For the record, when I wrote to The Enterprise about GATE’s “false premise” a few weeks ago, I was just venting and didn’t expect my letter to appear as an op-ed piece. The day after I submitted it, I asked to either withdraw it or delete the whiny portion about encountering GATE parents in the supermarket, which was admittedly an exaggerated dramatization, rather snotty, and a distraction from my point.
I was disappointed and embarrassed that my request was not honored. Unfortunately, the portion I sought to delete created confusion about the crux of my issue with GATE.
To clarify, my beef with GATE is the fallout from its complete abdication of the program’s professed mission. GATE purportedly exists to serve a minority of children whose learning pace is so extraordinary that they sit around twiddling their thumbs in class, yet the district doesn’t make even a token effort to screen GATE-aged children to determine which are under-challenged. Rather, GATE eligibility is based entirely on an arbitrary set of scores on a national standardized test, a threshold that cuts right through a cluster of comparably successful students — a meaningless distinction that can hinge on the accuracy of one or two guesses on the test.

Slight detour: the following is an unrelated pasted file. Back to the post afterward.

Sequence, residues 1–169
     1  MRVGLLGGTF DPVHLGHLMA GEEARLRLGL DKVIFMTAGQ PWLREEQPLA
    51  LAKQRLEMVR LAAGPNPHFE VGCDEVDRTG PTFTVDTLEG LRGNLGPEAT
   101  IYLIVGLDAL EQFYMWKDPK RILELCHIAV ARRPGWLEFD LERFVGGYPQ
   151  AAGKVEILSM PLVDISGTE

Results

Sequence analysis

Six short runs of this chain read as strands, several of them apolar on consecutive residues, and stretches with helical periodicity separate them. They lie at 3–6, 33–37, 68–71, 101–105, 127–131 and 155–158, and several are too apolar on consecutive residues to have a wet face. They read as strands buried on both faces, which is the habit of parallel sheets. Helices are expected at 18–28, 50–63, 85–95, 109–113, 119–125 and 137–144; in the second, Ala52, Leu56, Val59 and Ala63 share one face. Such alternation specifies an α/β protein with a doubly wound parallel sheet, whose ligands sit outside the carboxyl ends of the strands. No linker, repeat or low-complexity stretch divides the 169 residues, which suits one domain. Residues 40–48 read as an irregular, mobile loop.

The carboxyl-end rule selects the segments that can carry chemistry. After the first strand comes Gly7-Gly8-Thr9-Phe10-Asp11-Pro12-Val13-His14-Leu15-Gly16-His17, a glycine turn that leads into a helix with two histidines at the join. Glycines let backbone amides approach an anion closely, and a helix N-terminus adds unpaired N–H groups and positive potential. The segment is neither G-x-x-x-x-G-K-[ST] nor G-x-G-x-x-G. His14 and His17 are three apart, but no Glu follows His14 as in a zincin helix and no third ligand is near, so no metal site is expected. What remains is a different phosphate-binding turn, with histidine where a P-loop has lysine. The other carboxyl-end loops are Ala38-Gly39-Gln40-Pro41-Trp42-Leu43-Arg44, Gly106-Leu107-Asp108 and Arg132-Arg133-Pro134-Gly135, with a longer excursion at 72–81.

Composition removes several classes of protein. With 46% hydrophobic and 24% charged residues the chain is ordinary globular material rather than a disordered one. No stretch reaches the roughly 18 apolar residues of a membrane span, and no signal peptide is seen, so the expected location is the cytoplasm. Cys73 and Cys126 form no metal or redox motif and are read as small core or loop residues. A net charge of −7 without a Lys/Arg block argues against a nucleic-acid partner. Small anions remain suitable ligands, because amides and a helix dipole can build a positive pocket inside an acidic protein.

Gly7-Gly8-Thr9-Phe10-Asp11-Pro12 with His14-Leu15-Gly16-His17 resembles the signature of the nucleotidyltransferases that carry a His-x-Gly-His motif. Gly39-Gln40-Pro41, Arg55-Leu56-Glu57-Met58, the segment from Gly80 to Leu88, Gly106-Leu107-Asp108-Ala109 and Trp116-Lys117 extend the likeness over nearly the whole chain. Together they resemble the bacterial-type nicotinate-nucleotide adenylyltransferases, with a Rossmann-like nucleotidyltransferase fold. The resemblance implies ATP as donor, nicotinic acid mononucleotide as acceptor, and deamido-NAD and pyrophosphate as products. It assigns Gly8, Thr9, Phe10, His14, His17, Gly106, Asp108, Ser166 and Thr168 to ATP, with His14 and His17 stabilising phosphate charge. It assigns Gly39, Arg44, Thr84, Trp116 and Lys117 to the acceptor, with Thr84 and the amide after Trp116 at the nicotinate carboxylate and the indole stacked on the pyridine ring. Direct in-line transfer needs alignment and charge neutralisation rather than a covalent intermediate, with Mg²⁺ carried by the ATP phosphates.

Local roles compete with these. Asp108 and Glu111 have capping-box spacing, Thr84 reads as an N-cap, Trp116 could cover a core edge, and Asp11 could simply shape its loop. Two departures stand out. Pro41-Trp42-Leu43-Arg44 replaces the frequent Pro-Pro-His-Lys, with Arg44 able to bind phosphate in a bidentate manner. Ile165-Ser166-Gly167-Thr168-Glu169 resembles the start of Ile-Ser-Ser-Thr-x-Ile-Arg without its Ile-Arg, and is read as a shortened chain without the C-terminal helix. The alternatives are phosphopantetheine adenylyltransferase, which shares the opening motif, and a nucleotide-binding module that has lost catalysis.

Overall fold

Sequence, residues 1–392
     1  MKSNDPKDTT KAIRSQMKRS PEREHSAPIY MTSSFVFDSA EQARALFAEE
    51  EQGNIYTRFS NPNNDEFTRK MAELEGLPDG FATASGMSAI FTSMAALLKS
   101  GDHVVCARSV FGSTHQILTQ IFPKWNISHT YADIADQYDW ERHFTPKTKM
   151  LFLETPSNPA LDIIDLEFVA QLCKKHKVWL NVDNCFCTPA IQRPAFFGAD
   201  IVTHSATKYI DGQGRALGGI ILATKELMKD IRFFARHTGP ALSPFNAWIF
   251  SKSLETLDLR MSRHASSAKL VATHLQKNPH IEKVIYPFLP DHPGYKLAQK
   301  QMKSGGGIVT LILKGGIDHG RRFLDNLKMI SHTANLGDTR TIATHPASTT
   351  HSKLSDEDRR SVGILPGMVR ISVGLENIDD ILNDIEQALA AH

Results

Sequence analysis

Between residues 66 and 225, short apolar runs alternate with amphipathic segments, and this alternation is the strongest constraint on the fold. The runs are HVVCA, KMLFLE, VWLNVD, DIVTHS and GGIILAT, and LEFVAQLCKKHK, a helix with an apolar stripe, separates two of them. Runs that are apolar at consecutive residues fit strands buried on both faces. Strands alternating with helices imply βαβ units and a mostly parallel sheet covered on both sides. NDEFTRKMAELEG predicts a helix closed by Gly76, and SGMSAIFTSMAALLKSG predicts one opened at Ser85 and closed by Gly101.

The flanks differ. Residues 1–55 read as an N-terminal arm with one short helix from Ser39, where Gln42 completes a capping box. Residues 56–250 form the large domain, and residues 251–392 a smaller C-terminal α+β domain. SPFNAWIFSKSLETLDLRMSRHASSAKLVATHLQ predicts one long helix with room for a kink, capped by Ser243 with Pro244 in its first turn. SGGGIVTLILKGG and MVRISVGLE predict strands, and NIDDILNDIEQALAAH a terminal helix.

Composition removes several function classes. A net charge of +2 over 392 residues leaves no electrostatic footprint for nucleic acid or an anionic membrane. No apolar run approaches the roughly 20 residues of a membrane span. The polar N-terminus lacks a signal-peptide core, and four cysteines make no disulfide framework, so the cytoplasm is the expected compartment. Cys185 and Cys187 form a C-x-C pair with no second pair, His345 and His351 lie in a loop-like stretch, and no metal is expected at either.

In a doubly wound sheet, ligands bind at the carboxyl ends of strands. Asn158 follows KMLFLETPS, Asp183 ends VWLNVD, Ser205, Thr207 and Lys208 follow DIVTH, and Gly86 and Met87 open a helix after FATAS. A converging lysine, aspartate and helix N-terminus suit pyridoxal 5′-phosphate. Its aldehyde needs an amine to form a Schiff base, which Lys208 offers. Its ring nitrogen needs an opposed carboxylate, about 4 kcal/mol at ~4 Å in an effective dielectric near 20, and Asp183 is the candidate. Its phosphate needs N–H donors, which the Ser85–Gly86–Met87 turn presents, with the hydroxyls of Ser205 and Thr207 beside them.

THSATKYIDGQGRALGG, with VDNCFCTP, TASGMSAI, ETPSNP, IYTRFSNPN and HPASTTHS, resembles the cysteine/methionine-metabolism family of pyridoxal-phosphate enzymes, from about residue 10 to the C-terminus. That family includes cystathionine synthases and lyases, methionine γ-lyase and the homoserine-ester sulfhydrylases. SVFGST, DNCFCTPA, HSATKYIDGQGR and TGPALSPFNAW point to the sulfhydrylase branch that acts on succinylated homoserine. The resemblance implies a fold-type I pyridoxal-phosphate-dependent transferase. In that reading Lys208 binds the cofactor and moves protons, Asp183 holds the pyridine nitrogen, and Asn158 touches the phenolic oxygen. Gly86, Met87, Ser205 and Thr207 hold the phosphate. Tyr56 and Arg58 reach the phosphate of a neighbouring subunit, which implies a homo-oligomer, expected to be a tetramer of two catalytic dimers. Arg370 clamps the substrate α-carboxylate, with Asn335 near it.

The “gifted” assignation is also skewed by parents who hire test-prep tutors for their wee ones, or obtain private testing to circumvent their child’s shortfall on the school-administered test.
GATE supporters deny the program is elitist, insisting that the program does not glorify exceptional students, it merely salvages their engagement in learning. But the label “GATE (gifted and talented) identified” is an unambiguous exaltation, especially when used as a basis for sifting and segregating GATE children from their peers for three to six years.
And finally, with a 30 percent admission rate, GATE decidedly does not serve an underserved minority. To the contrary, between the GATERs and those who missed the cutoff by a hair, more than one-third of our students are verifiably intellectually gifted. Any responsible school district should be able to fashion a mainstream curriculum that adequately serves such a substantial segment of its students.
* Editor’s note: Regrettably, Susanna Mould’s request for withdrawal or editing of her original piece was lost in cyberspace. We never received it.